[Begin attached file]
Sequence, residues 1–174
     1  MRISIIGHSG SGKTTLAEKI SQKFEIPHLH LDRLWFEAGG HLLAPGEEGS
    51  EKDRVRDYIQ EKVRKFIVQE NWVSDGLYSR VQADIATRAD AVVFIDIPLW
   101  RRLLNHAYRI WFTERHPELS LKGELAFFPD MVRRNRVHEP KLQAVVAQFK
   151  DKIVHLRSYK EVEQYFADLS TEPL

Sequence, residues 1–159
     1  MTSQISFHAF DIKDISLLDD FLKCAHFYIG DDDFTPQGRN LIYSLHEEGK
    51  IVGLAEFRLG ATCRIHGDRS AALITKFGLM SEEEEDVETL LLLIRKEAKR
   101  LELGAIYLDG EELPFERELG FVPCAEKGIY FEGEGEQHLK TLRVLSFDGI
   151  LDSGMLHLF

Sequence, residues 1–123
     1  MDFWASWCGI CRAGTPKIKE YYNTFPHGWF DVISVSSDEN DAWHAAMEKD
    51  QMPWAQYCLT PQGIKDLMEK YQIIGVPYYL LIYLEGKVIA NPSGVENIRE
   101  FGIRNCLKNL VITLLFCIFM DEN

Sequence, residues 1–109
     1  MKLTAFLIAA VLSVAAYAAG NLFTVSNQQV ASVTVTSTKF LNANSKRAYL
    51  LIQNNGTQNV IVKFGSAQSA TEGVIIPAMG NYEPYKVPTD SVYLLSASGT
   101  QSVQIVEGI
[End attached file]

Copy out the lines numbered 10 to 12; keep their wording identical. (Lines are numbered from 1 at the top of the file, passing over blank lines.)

   151  LDSGMLHLF

Sequence, residues 1–123
     1  MDFWASWCGI CRAGTPKIKE YYNTFPHGWF DVISVSSDEN DAWHAAMEKD